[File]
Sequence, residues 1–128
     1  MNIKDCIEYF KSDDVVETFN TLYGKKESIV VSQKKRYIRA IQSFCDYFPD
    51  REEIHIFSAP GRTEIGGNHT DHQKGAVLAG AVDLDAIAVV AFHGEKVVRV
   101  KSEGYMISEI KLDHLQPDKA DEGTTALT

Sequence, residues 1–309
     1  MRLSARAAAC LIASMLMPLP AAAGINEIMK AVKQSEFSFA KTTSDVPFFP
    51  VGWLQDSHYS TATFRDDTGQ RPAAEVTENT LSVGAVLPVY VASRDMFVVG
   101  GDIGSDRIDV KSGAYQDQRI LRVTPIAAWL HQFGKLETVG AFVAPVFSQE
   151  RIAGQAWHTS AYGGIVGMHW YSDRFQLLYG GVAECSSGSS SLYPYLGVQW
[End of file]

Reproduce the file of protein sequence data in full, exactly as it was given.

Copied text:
Sequence, residues 1–128
     1  MNIKDCIEYF KSDDVVETFN TLYGKKESIV VSQKKRYIRA IQSFCDYFPD
    51  REEIHIFSAP GRTEIGGNHT DHQKGAVLAG AVDLDAIAVV AFHGEKVVRV
   101  KSEGYMISEI KLDHLQPDKA DEGTTALT

Sequence, residues 1–309
     1  MRLSARAAAC LIASMLMPLP AAAGINEIMK AVKQSEFSFA KTTSDVPFFP
    51  VGWLQDSHYS TATFRDDTGQ RPAAEVTENT LSVGAVLPVY VASRDMFVVG
   101  GDIGSDRIDV KSGAYQDQRI LRVTPIAAWL HQFGKLETVG AFVAPVFSQE
   151  RIAGQAWHTS AYGGIVGMHW YSDRFQLLYG GVAECSSGSS SLYPYLGVQW